An anti-ayahuasca bias?
In Brazil, the use of ayahuasca as a religious sacrament in the various ayahuasca churches — União do Vegetal, Santo Daime, Barquinha — is highly politicized. While the churches and their use of ayahuasca are legal in Brazil, there remains considerable controversy, and studies such as the present one are likely to be cited in public debate both in Brazil and abroad. And there is certainly some reason to perceive an anti-ayahuasca subtext in the present study.
At the outset, the abstract refers to ayahuasca as “controversial because of its indiscriminate use by some groups of people,” although such groups are never identified and what makes their use indiscriminate is never made clear.
The study also appears to misread some of the current ayahuasca literature — and in an anti-ayahuasca direction. The author, for example, cites Robert Gable’s risk assessment of the ritual use of ayahuasca for the claim that we should consider “the use of ayahuasca as a positive reinforcer for potential abuse of other substances” — a claim that Gable himself explicitly refuses to make. In the same way, he cites Dennis McKenna’s article on the therapeutic potential of ayahuasca for the proposition that “the pattern of use by adherents of the syncretic religions can be classified as recreational,” whereas in this article McKenna clearly and consistently keeps religious and recreational uses distinct.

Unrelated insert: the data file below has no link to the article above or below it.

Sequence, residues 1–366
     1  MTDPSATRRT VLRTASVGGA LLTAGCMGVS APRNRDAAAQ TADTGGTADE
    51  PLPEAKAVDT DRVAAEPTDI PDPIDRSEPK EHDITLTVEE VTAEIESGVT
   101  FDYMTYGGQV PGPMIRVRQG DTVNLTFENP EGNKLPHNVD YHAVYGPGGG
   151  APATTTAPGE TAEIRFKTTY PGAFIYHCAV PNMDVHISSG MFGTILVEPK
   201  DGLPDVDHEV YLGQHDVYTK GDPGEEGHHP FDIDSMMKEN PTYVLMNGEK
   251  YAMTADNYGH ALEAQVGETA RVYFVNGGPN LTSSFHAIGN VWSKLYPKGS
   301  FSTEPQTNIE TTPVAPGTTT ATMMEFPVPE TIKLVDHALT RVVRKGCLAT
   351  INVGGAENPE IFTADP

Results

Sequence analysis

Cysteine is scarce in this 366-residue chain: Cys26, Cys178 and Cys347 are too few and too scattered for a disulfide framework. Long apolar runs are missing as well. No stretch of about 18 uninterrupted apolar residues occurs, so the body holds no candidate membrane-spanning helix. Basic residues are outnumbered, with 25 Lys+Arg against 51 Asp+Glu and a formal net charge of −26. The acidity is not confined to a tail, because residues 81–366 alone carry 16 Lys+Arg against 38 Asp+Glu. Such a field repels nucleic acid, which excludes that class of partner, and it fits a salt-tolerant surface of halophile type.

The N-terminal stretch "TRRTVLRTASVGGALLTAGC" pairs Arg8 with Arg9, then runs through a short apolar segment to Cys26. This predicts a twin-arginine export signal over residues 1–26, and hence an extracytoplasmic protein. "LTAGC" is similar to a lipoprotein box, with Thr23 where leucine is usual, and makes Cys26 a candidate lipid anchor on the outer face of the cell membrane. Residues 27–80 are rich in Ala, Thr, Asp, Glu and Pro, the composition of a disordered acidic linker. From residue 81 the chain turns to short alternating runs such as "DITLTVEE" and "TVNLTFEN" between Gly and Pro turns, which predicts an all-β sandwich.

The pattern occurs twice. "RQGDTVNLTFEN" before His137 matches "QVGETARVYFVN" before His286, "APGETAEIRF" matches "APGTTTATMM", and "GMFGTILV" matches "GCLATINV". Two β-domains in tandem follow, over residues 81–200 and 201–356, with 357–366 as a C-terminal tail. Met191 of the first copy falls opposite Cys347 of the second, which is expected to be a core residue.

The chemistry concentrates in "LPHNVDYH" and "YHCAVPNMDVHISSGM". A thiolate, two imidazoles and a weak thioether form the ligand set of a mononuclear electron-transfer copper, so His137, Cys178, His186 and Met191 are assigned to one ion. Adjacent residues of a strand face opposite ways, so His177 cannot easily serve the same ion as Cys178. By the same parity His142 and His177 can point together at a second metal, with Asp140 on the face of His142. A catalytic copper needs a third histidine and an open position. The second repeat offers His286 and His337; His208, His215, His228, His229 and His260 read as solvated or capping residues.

Putting these statements together, the message appears to be that religious groups that use ayahuasca do so indiscriminately and recreationally, and that the use of ayahuasca in these groups is a gateway to abuse of other substances. I am aware of no reputable study that supports such claims.